Broadcasting trade papers are reporting that the BBC has brought in mandatory carbon footprint rules. All independent programme makers will now have to log the carbon footprint of their output, using a calculation tool pioneered during the production of Eastenders by BBC Studios.
So, if you’re an independent programme maker for the BBC, you have to square things with Albert.
One independent producer in the report complains about “yet more paperwork”, which will eat into the budget of companies that pay their staff peanuts.
However, she should rest assured that there will always be loopholes and exemptions. In contrast to the runners, the management of production companies are always obscenely well rewarded. The broadcasting industry, which has a polarised class system that’s the envy of the Third World, will continue to be full of rich white people who claim to be socialists.
Sustainability is an equally moveable moral feast. As with many directives some of the variables, listed here, are open to interpretation. ‘Source locally’, for example, could be interpreted to mean ‘only recruit your friends’.
Examine the explanation given by BBC sustainability manager Richard Smith, the father of Albert. Just as sustainability has three pillars, so is there a divine trinity of objectives in this exercise he says. That is, to understand the carbon impact of TV, raise awareness and engage people.
The key one is ‘engaging people’.
We all know the BBC is a people business. Which is another way of saying the right people. Only a select few good left-wing people are hired by our national broadcaster. It’s a closed society – the Poser Nostra – where recruits are only inducted if they are the type of person you’d like to go on a pussy hat march with or have at your dinner party.
However, since you cannot openly discriminate these days – good grief, has the weapon of political correctness fallen into the wrong hands? A subtler system is needed.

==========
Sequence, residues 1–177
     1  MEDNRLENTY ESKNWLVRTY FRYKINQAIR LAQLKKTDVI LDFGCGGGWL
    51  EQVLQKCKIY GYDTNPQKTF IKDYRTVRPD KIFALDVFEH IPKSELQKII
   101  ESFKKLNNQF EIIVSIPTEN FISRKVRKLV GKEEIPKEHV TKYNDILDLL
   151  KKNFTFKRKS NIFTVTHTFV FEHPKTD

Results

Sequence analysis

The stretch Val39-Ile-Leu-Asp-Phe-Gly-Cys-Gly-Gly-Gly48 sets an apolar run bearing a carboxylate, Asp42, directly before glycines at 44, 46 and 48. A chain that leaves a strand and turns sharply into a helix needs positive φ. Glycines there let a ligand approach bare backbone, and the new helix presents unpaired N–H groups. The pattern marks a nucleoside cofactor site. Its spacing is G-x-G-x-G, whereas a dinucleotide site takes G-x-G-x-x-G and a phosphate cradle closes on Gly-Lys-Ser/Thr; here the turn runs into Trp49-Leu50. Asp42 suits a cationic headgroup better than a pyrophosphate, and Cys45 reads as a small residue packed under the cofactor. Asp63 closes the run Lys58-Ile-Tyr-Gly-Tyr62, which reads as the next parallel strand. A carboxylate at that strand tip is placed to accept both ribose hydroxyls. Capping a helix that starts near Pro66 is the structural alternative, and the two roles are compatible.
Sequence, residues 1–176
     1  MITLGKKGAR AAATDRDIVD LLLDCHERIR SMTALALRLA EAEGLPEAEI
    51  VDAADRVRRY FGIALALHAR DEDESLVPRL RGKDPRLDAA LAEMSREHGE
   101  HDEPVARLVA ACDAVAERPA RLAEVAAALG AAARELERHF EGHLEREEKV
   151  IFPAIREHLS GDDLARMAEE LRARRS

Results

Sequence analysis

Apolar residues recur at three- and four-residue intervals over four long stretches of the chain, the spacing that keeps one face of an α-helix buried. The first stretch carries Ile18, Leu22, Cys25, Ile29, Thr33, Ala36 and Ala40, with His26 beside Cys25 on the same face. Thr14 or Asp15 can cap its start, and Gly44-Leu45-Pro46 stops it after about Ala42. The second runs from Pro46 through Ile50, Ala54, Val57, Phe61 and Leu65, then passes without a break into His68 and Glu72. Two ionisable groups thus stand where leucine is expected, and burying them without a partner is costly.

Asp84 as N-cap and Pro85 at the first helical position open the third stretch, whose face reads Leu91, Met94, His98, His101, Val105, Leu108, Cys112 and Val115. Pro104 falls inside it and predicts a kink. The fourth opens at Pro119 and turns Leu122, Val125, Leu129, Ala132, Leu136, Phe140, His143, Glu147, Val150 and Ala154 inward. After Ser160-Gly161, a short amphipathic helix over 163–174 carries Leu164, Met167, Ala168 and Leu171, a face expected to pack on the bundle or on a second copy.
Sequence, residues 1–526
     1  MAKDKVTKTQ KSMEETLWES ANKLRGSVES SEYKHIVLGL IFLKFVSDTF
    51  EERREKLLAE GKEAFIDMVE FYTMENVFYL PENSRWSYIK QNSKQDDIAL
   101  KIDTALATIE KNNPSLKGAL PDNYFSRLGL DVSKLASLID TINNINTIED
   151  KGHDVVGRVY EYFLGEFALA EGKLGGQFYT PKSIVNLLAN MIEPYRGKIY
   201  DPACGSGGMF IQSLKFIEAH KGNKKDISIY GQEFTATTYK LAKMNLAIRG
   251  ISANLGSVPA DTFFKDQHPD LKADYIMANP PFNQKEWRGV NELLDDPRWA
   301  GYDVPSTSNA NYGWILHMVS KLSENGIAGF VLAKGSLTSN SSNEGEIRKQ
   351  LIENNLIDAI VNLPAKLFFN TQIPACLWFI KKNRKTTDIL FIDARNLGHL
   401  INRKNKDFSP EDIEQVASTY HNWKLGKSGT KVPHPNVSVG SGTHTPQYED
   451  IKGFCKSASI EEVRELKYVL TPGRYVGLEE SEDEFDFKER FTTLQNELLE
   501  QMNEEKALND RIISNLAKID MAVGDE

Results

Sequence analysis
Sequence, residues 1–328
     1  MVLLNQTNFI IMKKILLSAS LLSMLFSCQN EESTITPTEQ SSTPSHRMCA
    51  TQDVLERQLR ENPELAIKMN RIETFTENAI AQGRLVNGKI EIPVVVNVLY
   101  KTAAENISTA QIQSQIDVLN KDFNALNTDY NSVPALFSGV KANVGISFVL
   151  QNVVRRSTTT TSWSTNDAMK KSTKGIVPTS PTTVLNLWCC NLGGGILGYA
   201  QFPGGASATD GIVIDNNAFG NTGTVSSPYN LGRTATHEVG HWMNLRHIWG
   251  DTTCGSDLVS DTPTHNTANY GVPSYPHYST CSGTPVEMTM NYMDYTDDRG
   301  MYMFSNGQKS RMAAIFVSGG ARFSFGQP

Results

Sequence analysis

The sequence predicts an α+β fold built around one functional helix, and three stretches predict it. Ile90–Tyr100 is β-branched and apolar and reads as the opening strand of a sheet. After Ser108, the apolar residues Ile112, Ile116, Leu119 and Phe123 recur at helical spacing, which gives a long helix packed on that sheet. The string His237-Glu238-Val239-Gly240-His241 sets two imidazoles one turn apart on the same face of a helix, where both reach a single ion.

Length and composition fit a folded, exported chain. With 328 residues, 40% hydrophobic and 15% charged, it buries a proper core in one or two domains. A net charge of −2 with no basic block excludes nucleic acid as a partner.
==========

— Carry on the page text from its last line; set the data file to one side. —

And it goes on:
How? There’s a clue in the name. Albert. As in Albert Square, the fictional home of EastEnders. What did real Cockneys do to exclude outsiders? They devised their own language, rhyming slang. Just as diversity officers are really about division, so is there a hidden language agenda behind sustainability. It’s not about saving the planet. Much of the advice given is contradictory. One minute we’re all being instructed not to burn fossil fuels – and who could argue with that one? – but then we are told there are exceptions. Wood burning is good, for special secret reasons. So is diesel, despite the fact that it damages more children than a packet of Gary Lineker’s favourite crispy carcinogens.
These rulings don’t make any sense.
Common sense, surely, would tell you not to waste public money. An example given on the Albert website tells how the makers of Casualty saved £30,000 off the electricity bill. Which begs the question: what on earth were they doing before? It turns out they saved that money simply by not using needlessly powerful lights to burn public money. Imagine that! Whatever will they think of next? Not splurging on taxis? Not decamping to Brazil for a five second soundbite when that ‘expert’ could be interviews on Skype? If producers need to be told that, there’s something seriously wrong.
Still, will this new discipline lead to greater creativity and quality of output?
Could we expect an original storyline, perhaps, which dares to stray from politically correct orthodoxy and holds up a mirror to society as it really is? No, that would be too exhausting and energy intensive. It probably goes against other social engineering and activist policies. Better to recycle old prejudices from the usual ‘locally sourced’ members of the Condescentii.
I suspect we all love the BBC and want it preserved. We all remember what it was like and the Reithian values it once represented. These days, it’s about common purpose cliques who use their power to speak over the truth. I can see why people don’t think it’s sustainable and would gladly burn it down. But surely, we don’t want a bonfire of the insanities. Sorry, I slipped into sustainability slang there.